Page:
Acts of Faith

roxanegay:

I spoke at a Catholic university today and there was a bit of a kerfuffle so I wrote this piece in the car this afternoon and then I was on stage at my event and I was fucking terrified to read this but I looked out at the audience and all those students who were choosing to see me speak and so I said what I needed to say and then after people said I was courageous but really, I was just saying what I felt. 

—-

I was raised Catholic and as the daughter of Haitian immigrants, it often felt like we were extra Catholic. Mass on Sundays, CCD during the week. It felt like God was everywhere, both literally and figuratively.

Growing up, I understood faith even if I didn’t always have faith, even if as I stand here now, I continue to struggle with faith. I understood that sometimes, you have to place your trust in something you cannot see or hear or taste or touch. You have to take that risk, without any guarantee that something will rise from your faith. You have to accept that taking the risk is a reward unto itself. Faith, when you think about it, is a lot like love. When I love, I love you regardless of the risk. I place my trust in something beyond the tangible and it is terrifying but I wouldn’t choose otherwise. I do not choose otherwise.

In 2014 I published a book of essays, Bad Feminist, and as such, I am often asked several of the same questions—why am I a feminist, how did I come to feminism, what is feminism, can men be feminists? I can rattle off stock answers about gender, equality and intersectionality and these answers are true but sometimes, they feel hollow, or perhaps, incomplete because my feminism is more than a sound byte. It is part of who I am. I believe feminism should be a part of all of us, a default setting for humanity.

I wrote this book and I am a feminist, but I am also a girl from Nebraska who is awkward and shy and who loves movies and Channing Tatum and playing Scrabble. It may seem strange given much of my writing, but I don’t think of myself as political or controversial. I am opinionated. I am passionate. I don’t feel, though, that this is remarkable. Most people nurture these qualities to one degree or another.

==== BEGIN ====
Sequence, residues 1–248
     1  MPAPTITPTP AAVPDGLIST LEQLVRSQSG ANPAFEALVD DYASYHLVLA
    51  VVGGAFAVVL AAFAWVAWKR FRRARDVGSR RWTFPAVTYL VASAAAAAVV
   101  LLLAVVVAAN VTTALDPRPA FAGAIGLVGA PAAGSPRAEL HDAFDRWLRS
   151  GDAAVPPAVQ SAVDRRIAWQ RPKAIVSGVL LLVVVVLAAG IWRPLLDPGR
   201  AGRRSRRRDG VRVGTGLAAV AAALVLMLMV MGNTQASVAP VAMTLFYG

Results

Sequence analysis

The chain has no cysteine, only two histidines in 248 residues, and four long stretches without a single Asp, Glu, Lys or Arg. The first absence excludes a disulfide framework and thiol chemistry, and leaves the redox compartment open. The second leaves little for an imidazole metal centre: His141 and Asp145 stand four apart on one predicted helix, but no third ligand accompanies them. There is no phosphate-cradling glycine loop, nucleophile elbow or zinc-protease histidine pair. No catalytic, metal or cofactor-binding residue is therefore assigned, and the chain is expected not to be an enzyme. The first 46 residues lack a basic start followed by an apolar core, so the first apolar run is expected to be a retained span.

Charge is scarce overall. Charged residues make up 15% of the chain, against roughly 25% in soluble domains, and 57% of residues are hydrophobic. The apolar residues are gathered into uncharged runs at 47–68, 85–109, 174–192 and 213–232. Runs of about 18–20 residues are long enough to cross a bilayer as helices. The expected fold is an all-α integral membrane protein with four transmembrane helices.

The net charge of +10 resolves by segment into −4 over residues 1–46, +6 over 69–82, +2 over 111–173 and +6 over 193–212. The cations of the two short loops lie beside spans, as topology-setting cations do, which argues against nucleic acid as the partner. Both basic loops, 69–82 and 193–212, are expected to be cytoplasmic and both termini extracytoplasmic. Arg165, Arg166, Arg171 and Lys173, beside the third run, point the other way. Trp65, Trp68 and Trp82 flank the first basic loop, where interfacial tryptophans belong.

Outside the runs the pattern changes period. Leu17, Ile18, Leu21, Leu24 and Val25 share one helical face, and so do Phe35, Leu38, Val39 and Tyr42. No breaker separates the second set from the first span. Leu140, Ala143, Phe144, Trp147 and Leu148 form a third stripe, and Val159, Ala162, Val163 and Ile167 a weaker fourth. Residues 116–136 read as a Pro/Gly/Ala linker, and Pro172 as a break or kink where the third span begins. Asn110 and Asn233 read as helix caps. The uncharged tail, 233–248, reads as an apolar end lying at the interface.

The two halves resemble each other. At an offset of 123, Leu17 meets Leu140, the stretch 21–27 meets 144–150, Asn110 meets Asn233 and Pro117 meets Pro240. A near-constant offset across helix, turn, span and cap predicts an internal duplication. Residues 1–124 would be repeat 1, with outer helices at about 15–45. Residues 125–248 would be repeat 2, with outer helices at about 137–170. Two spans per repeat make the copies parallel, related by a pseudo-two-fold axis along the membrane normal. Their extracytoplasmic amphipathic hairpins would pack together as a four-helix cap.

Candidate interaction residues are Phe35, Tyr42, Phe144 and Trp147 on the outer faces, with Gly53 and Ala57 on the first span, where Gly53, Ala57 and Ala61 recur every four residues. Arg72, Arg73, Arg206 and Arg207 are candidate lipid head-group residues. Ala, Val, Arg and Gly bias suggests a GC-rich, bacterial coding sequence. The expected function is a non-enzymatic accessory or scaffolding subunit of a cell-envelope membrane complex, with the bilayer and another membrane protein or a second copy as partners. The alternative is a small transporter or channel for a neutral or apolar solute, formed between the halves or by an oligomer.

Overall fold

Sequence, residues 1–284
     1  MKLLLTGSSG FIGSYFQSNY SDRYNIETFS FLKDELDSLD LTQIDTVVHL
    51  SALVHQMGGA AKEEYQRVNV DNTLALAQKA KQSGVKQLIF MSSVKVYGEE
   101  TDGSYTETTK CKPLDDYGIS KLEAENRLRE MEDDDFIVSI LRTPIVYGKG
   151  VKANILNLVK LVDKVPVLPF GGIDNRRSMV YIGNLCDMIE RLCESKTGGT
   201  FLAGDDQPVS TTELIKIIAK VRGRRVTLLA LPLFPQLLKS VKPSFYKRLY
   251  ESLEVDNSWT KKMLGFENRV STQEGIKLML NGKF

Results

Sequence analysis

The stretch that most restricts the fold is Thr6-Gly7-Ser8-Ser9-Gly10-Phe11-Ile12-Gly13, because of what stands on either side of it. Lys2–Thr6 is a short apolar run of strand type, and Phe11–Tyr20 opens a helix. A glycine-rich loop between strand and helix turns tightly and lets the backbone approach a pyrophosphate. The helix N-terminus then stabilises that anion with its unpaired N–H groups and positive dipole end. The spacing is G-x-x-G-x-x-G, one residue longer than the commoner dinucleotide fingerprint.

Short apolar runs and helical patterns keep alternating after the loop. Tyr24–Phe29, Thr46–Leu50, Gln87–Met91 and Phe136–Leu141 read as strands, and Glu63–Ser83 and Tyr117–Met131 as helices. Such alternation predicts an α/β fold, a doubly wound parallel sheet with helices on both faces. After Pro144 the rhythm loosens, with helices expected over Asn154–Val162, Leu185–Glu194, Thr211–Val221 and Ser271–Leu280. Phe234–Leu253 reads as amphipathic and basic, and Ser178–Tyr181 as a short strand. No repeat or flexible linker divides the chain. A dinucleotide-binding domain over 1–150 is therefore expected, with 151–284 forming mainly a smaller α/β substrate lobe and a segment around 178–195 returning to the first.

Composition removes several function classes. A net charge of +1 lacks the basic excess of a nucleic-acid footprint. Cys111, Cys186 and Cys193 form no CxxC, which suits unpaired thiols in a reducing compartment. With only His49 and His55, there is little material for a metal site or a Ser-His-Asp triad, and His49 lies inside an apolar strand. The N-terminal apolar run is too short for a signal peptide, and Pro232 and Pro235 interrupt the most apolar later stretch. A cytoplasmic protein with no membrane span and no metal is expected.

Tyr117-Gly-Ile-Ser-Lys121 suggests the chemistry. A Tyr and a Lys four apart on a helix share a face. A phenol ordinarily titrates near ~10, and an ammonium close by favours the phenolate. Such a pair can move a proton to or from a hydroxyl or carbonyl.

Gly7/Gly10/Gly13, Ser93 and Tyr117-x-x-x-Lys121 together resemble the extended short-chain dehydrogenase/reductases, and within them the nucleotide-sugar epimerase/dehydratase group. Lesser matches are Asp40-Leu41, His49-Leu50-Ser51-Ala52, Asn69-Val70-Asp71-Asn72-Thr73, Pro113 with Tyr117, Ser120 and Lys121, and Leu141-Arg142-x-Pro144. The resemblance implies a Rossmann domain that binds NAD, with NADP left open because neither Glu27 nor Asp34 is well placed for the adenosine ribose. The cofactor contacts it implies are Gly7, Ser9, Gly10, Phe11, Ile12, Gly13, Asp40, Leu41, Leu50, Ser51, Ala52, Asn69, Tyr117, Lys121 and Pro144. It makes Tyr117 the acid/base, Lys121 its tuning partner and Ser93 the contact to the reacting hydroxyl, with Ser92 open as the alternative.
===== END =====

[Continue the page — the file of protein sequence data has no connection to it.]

This morning, as I was finishing up packing my suitcase, I received an email from my speaking agent, saying he had gotten a “reminder,” from the student representative of the Free to Be organization that invited me to the St. Louis University campus.

Even earlier in the morning, the university’s assistant vice president called that student representative to remind them to remind ME that “SLU is a Catholic, Jesuit institution, and this talk should not violate that, aka not speaking to the pro-choice agenda.”

My temper flared immediately. I don’t like vague threats of censorship. I hate the word agenda when it is used as a blunt instrument, when it is used to imply that one with a so-called agenda is up to no good. I am a deeply flawed person but I pride myself on being concerned with the greater good, and seeking out goodness in myself and others. I thought about cancelling my appearance but then I reconsidered because really, what would that accomplish?

I was raised Catholic and ours was a deeply faithful household. Though I am rather lapsed, I am the better for it. In our home, God was a God of love. We were allowed and encouraged to question our faith and our relationship to God. We were never threatened with hell and damnation. Instead, we were taught the Ten Commandments and we read the Bible and we were asked to be good and to do what we could to foster goodness in the choices we made.

I must confess that Jesuits have always fascinated me. When I was young, I learned that Jesuits were the warriors of the faith, even more so than regular priests. I learned that they were dedicated to teaching and rigorous education. My brothers have often told me that they have never been more challenged than by the Jesuit priests who taught them in high school and college. They have shared their admiration of their Jesuit teachers with no small amount of pride. I also admire Jesuits because throughout history, they have been fierce advocates of social justice. In 1975, at the 32nnd General Congregation, the Jesuit Order stated, empathically, “The mission of the Society of Jesus today is the service of faith, of which the promotion of justice is an absolute requirement.”

I am, despite the ways I have suffered, a very lucky woman. I was raised by loving parents in a loving home. I have always been sheltered, clothed, fed. I have known material comfort. I have been afforded the best possible education. I have been broke, especially during my twenties, my lost years, but I have never wanted for employment. Today, I am reasonably successful and want for little. As the beneficiary of so many blessings, I am obligated, I think, to spend some of my time considering those who have not been so lucky. I am called to promote justice and this is an absolute requirement.